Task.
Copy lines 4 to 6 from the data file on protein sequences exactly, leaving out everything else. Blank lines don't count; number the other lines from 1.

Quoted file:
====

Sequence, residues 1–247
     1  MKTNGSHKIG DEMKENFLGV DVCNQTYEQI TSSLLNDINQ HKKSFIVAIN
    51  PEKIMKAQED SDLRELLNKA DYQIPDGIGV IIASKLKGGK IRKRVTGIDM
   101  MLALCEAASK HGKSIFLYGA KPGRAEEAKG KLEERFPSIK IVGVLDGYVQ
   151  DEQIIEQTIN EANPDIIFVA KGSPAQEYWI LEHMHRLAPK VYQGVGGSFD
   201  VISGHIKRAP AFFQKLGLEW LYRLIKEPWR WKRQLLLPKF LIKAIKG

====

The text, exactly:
   101  MLALCEAASK HGKSIFLYGA KPGRAEEAKG KLEERFPSIK IVGVLDGYVQ
   151  DEQIIEQTIN EANPDIIFVA KGSPAQEYWI LEHMHRLAPK VYQGVGGSFD
   201  VISGHIKRAP AFFQKLGLEW LYRLIKEPWR WKRQLLLPKF LIKAIKG